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I'm learning to draw magnitude bode plots from transfer functions:

$$ H(s) = \frac{sRC}{sRC+1} $$

So I can see that I have a zero at s = 0, which corresponds to 0 Hz. I know this will add a +20dB/dec slope for all frequencies in a logarithmic plot. I'm struggling to figure where the gain will start at the left side of my plot. I can kind of cheat a little bit because I know that this is a passive high pass filter, so I can start at the right side of the plot and call that 0dB, move to the left, and then apply my 20dB/dec slope once I pass the break frequency of the pole. But if the transfer function was more complicated and I didn't already know what to expect, what would I do?

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  • $\begingroup$ Like Tim mentioned, you can start at a very small frequency value. Even industry standard applications draw the initial magnitude value at a frequency very close to 0 Hz. Unless you care about really granular values near 0 Hz, I wouldn't worry too much about what this value is since we usually look at the action as we move away from 0 Hz. $\endgroup$ – Envidia Jan 9 at 22:35
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$$H(s) = \frac{R C s}{R C s + 1}$$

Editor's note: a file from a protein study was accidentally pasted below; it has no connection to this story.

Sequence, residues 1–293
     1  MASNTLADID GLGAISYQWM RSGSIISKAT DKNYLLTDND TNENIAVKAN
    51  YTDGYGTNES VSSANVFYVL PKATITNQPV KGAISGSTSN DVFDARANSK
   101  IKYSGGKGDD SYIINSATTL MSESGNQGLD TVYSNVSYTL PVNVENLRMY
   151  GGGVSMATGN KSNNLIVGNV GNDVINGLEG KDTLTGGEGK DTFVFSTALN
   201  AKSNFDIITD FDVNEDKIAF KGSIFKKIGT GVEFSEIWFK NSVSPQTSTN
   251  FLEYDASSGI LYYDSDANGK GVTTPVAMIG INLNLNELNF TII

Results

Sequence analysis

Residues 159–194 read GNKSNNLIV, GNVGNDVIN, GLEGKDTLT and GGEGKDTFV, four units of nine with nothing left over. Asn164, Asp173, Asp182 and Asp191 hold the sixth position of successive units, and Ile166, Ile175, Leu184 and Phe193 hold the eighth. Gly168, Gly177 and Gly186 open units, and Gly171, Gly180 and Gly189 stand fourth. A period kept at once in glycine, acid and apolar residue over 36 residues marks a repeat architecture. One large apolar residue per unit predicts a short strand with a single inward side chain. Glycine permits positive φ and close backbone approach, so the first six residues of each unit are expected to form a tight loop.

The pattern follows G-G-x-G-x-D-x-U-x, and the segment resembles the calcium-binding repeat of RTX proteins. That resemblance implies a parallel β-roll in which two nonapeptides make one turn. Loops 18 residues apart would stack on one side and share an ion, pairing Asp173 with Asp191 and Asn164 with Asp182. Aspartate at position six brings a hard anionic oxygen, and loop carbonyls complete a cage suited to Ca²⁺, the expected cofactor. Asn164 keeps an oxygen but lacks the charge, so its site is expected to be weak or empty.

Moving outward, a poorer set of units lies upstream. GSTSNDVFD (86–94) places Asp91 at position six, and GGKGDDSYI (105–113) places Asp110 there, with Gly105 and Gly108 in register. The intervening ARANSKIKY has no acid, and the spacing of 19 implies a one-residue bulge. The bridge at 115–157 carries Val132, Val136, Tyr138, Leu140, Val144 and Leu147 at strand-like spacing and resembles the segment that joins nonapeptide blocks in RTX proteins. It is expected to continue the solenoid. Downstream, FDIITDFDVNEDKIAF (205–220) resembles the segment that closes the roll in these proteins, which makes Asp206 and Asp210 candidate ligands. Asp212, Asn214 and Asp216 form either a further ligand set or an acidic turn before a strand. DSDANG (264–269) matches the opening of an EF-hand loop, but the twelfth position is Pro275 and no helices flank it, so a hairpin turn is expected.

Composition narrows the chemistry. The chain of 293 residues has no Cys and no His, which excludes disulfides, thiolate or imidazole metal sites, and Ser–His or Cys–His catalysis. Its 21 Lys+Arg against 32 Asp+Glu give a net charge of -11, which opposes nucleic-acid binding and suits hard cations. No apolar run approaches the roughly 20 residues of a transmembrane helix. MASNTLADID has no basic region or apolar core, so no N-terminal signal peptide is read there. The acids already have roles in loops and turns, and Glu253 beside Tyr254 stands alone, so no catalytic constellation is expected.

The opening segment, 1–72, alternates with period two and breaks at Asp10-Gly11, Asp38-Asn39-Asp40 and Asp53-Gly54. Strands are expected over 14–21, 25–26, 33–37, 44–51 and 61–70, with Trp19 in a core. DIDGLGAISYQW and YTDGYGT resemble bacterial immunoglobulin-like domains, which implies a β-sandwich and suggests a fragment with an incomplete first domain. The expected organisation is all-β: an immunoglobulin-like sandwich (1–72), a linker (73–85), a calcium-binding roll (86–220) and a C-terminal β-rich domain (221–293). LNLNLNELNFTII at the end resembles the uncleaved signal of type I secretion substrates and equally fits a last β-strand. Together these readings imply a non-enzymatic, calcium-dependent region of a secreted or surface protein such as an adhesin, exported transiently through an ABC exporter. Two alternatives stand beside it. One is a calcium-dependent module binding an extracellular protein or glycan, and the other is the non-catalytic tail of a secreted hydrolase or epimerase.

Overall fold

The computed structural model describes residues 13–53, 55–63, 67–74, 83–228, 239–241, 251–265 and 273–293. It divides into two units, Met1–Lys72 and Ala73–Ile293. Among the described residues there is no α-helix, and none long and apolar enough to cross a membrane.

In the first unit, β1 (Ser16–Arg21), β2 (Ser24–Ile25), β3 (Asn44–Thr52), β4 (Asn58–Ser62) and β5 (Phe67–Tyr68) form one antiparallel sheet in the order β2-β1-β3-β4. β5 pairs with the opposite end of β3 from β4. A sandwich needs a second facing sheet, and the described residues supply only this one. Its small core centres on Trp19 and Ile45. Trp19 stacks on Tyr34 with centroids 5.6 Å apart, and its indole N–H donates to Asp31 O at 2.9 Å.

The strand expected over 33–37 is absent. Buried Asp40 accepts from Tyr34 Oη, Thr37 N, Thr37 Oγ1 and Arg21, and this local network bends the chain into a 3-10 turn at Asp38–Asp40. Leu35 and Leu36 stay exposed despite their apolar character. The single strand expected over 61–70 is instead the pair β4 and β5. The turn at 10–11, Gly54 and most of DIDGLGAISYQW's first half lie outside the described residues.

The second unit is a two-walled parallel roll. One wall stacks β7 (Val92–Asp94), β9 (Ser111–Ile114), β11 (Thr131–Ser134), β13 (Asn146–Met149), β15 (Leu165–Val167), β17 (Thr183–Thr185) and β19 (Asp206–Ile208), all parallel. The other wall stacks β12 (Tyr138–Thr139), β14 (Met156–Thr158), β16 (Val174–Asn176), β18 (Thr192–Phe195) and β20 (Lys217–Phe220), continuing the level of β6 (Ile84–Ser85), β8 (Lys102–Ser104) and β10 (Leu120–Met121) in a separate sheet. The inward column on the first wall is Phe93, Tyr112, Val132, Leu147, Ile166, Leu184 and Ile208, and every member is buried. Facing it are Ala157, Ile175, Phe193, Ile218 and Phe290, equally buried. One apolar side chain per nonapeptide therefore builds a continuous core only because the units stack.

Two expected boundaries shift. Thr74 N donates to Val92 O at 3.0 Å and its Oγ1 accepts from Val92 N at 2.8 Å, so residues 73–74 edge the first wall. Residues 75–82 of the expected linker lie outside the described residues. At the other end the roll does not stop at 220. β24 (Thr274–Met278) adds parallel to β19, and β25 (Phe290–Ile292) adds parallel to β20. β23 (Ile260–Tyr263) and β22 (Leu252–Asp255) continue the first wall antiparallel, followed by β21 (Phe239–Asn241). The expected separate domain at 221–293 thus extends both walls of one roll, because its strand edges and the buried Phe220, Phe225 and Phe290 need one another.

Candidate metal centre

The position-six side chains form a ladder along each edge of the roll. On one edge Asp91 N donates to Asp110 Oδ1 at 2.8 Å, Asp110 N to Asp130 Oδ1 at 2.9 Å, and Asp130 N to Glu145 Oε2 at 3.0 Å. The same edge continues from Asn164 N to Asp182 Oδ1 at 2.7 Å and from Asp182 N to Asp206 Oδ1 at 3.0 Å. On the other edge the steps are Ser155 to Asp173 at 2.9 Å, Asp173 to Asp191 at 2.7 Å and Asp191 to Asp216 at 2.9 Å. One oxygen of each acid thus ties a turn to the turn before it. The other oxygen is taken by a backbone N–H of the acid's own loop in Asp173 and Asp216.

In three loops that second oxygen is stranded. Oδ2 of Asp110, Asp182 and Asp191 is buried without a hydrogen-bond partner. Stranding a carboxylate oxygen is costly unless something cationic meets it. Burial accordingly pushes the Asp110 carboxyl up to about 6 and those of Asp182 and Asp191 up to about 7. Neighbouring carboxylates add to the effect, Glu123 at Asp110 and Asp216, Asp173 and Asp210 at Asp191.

If $R C s$ is much lower than 1 (i.e., $R C s \ll 1$, in Math), then you can make an approximation: $$H(s) \simeq \frac{R C s}{1}$$

Basically, the effect of the $R C s$ in the denominator becomes insignificant.

So, just pick a radian frequency well below $1 / R C$ and compute the magnitude of $H(s)$ at that point -- mark that on your plot, and draw your line rising at 20dB/decade from there.

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Different approach: Let's start with rewriting using $s = j \omega$ and $RC = 1/\omega_0$. We get $$H(\omega) = \frac{j\omega}{j\omega+\omega_0}$$

Then we look at the most "relevant" frequency first. In this case that's $\omega = \omega_0$. At this frequency your magnitude is -3dB. For frequencies much larger then $\omega_0$ you simply have $|H(\omega)|=1$ and for frequencies much lower you get $-20dB$ per decade.

You can draw this as two straight lines than intersect at $\omega_0$ and than you round out the "knee" so that it goes through $-3dB$ at $\omega_0$.

You can't really draw anything at $\omega = 0$ since the log magnitude is minus infinity, so you are going to run out of paper or screen before you get there.

But if the transfer function was more complicated and I didn't already know what to expect, what would I do?

You start with the most "interesting/relevant" frequencies and work your way up and down from there.

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